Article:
Aging, aerobic activity and interhemispheric communication

Keith M. McGregor, Kenneth M. Heilman, Joe R. Nocera, Carolynn Patten, Todd M. Manini, Bruce Crosson, Andrew J. Butler

Research output: Contribution to journalArticle

8 Citations (Scopus)

Abstract

Recent studies have shown that during unimanual motor tasks, aging adults show bilateral recruitment of primary motor cortex (M1), while younger adults show a suppression of the ipsilateral motor cortex. Additional work has indicated that increased bilateral M1 recruitment in older adults may be deleterious when performing some motor tasks. However, higher levels of physical fitness are associated with improved dexterity and fitness may mitigate the loss of both inhibitory and excitatory communication in aging adults. The goal of this study was to assess dexterity and interhemispheric motor communication in physically fit and sedentary middle-age (40-60 years) right handed participants using tests of hand deftness and transcranial magnetic stimulation (TMS). To behaviorally assess the influence of interhemispheric communication on motor performance, participants also perform the coin rotation deftness task while maintaining pinch force with the opposite hand (bimanual condition). We correlated these behavioral measures with the ipsilateral silent period using TMS to assess interhemispheric inhibition. Our results show that the middle-aged adults who were physically fit had better dexterity of their right hand (finger tapping and peg-board). When performing the coin rotation task the fit group had no between hand differences, but the sedentary group's left hand performance was inferior to the their right hand. We found that better dexterity correlated with ipsilateral silent period duration (greater inhibition) thereby supporting the postulate that fitness improves interhemispheric motor communication.

Original languageEnglish (US)
Pages (from-to)634-648
Number of pages15
JournalBrain Sciences
Volume2
Issue number4
DOIs
StatePublished - Jan 1 2012
Externally publishedYes

Fingerprint

Hand
Communication
Numismatics
Transcranial Magnetic Stimulation
Motor Cortex
Physical Fitness
Fingers
Young Adult
Inhibition (Psychology)

Keywords

  • Aging
  • Dexterity
  • Interhemispheric communication
  • Physical fitness
  • Transcranial magnetic stimulation

ASJC Scopus subject areas

  • Neuroscience(all)

Cite this

McGregor, K. M., Heilman, K. M., Nocera, J. R., Patten, C., Manini, T. M., Crosson, B., & Butler, A. J. (2012). Aging, aerobic activity and interhemispheric communication. Brain Sciences, 2(4), 634-648. https://doi.org/10.3390/brainsci2040634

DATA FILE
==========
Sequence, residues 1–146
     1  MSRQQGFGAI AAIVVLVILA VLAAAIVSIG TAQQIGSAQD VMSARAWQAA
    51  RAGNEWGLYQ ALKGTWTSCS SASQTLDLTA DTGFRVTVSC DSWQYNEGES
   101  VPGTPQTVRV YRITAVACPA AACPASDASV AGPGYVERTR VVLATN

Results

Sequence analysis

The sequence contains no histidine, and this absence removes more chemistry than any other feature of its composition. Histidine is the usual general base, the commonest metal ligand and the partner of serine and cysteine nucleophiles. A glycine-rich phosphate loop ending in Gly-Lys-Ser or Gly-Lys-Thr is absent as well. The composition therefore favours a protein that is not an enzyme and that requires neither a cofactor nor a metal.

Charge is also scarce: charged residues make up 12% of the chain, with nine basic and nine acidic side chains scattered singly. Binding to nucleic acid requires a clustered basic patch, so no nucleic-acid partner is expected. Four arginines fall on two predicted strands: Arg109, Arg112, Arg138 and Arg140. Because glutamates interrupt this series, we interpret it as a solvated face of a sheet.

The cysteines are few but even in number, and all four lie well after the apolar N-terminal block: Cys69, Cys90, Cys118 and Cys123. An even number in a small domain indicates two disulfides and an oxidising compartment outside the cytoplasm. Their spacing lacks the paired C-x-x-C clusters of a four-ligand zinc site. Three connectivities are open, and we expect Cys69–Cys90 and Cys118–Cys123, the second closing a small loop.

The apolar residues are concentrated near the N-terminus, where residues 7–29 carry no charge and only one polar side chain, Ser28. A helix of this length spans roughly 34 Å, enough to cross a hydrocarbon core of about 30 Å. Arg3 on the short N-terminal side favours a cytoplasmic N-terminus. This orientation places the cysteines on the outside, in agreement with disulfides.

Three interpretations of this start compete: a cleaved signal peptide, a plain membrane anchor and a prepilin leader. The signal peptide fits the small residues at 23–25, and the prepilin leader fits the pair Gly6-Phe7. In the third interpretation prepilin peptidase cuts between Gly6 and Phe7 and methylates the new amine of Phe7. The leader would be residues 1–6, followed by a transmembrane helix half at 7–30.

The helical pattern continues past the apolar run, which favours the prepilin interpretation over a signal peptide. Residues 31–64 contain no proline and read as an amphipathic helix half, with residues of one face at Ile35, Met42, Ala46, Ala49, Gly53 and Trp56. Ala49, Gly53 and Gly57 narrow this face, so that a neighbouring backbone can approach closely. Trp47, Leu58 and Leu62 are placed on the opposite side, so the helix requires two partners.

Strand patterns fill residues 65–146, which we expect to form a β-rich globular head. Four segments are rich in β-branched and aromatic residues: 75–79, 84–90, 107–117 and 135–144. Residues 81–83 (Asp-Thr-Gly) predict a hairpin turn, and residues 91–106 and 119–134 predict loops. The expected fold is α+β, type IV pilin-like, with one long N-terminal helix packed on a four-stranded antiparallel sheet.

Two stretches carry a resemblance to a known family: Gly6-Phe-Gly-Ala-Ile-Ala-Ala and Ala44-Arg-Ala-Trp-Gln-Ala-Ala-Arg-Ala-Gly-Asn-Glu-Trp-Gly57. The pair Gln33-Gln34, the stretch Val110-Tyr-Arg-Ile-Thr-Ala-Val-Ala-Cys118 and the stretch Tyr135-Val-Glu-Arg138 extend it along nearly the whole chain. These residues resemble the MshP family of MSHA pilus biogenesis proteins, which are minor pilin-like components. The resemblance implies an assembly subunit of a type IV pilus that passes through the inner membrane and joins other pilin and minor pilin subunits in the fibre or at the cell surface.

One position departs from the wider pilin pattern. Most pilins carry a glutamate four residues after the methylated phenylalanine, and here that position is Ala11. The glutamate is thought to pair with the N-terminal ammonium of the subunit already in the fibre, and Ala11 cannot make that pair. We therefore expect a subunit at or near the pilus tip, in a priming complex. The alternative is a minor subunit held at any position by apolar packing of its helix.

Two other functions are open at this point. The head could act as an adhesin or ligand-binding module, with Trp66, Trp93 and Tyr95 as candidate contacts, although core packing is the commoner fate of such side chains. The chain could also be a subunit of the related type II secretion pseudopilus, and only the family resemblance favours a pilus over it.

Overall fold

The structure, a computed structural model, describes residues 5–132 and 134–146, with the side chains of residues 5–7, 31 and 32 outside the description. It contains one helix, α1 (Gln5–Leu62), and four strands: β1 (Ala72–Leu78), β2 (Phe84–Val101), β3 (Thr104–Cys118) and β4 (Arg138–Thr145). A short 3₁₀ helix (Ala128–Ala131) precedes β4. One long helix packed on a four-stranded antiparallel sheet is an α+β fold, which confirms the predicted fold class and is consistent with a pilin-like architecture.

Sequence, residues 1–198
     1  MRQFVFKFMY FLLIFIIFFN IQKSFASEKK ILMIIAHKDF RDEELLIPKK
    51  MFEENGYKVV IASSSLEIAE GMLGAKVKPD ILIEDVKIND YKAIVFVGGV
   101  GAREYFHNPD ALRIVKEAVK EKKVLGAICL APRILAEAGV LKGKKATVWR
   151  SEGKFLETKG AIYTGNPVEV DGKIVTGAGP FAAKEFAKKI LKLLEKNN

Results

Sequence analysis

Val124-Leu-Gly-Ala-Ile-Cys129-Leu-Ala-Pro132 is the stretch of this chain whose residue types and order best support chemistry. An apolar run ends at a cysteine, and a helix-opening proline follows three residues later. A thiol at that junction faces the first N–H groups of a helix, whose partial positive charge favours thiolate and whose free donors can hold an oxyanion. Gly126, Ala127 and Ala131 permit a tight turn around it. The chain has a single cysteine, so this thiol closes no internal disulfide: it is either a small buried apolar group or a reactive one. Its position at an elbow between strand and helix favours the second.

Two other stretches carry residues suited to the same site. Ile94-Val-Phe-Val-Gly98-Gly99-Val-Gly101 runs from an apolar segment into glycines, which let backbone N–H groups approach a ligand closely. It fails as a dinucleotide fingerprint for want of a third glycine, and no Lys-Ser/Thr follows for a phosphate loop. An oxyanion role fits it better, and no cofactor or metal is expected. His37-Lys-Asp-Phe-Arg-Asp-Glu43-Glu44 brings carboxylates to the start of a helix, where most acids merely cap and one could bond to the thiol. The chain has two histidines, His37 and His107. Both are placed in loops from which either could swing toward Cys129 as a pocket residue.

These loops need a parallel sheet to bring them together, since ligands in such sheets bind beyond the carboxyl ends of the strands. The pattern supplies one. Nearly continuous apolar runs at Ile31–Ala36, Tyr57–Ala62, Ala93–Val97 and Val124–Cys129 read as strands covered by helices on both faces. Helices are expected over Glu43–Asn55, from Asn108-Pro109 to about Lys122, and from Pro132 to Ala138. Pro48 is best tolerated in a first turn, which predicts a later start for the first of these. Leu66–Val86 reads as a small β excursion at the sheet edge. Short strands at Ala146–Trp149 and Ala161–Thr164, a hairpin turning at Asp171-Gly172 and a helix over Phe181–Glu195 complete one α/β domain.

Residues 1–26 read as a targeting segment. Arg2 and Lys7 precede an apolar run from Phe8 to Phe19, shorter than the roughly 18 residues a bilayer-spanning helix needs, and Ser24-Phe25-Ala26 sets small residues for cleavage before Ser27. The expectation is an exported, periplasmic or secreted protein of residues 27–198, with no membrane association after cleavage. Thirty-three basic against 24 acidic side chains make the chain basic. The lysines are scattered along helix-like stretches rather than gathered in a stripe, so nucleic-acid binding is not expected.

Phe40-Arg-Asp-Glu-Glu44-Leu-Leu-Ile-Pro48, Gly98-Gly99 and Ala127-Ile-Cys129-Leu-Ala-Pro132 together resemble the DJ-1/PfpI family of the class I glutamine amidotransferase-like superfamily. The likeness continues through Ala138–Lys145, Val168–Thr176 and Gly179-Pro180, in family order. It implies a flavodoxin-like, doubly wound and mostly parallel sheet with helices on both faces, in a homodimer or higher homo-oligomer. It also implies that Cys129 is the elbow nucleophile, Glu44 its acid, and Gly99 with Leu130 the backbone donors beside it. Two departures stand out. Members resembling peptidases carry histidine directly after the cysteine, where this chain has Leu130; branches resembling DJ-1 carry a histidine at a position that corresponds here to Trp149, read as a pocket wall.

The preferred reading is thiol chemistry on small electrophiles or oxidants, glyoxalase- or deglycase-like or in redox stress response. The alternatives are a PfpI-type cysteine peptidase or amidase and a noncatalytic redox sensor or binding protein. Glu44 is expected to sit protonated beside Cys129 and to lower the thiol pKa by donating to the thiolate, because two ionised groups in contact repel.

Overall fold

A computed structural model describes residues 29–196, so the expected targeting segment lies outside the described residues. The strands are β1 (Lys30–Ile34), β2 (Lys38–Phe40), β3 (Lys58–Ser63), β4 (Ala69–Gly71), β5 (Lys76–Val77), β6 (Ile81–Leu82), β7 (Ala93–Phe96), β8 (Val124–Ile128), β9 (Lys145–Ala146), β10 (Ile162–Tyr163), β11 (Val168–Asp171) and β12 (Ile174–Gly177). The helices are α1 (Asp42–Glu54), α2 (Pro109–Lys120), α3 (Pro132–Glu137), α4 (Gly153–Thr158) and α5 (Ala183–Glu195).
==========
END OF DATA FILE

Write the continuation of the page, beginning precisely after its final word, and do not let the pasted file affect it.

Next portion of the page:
Aging, aerobic activity and interhemispheric communication. / McGregor, Keith M.; Heilman, Kenneth M.; Nocera, Joe R.; Patten, Carolynn; Manini, Todd M.; Crosson, Bruce; Butler, Andrew J.

In: Brain Sciences, Vol. 2, No. 4, 01.01.2012, p. 634-648.

Research output: Contribution to journalArticle

McGregor, KM, Heilman, KM, Nocera, JR, Patten, C, Manini, TM, Crosson, B & Butler, AJ 2012, 'Aging, aerobic activity and interhemispheric communication', Brain Sciences, vol. 2, no. 4, pp. 634-648. https://doi.org/10.3390/brainsci2040634
McGregor KM, Heilman KM, Nocera JR, Patten C, Manini TM, Crosson B et al. Aging, aerobic activity and interhemispheric communication. Brain Sciences. 2012 Jan 1;2(4):634-648. https://doi.org/10.3390/brainsci2040634
McGregor, Keith M. ; Heilman, Kenneth M. ; Nocera, Joe R. ; Patten, Carolynn ; Manini, Todd M. ; Crosson, Bruce ; Butler, Andrew J. / Aging, aerobic activity and interhemispheric communication. In: Brain Sciences. 2012 ; Vol. 2, No. 4. pp. 634-648.
@article{c41f0ea1e31f40edac9bea711ca6a633,
title = "Aging, aerobic activity and interhemispheric communication",
abstract = "Recent studies have shown that during unimanual motor tasks, aging adults show bilateral recruitment of primary motor cortex (M1), while younger adults show a suppression of the ipsilateral motor cortex. Additional work has indicated that increased bilateral M1 recruitment in older adults may be deleterious when performing some motor tasks. However, higher levels of physical fitness are associated with improved dexterity and fitness may mitigate the loss of both inhibitory and excitatory communication in aging adults. The goal of this study was to assess dexterity and interhemispheric motor communication in physically fit and sedentary middle-age (40-60 years) right handed participants using tests of hand deftness and transcranial magnetic stimulation (TMS). To behaviorally assess the influence of interhemispheric communication on motor performance, participants also perform the coin rotation deftness task while maintaining pinch force with the opposite hand (bimanual condition). We correlated these behavioral measures with the ipsilateral silent period using TMS to assess interhemispheric inhibition. Our results show that the middle-aged adults who were physically fit had better dexterity of their right hand (finger tapping and peg-board). When performing the coin rotation task the fit group had no between hand differences, but the sedentary group's left hand performance was inferior to the their right hand. We found that better dexterity correlated with ipsilateral silent period duration (greater inhibition) thereby supporting the postulate that fitness improves interhemispheric motor communication.",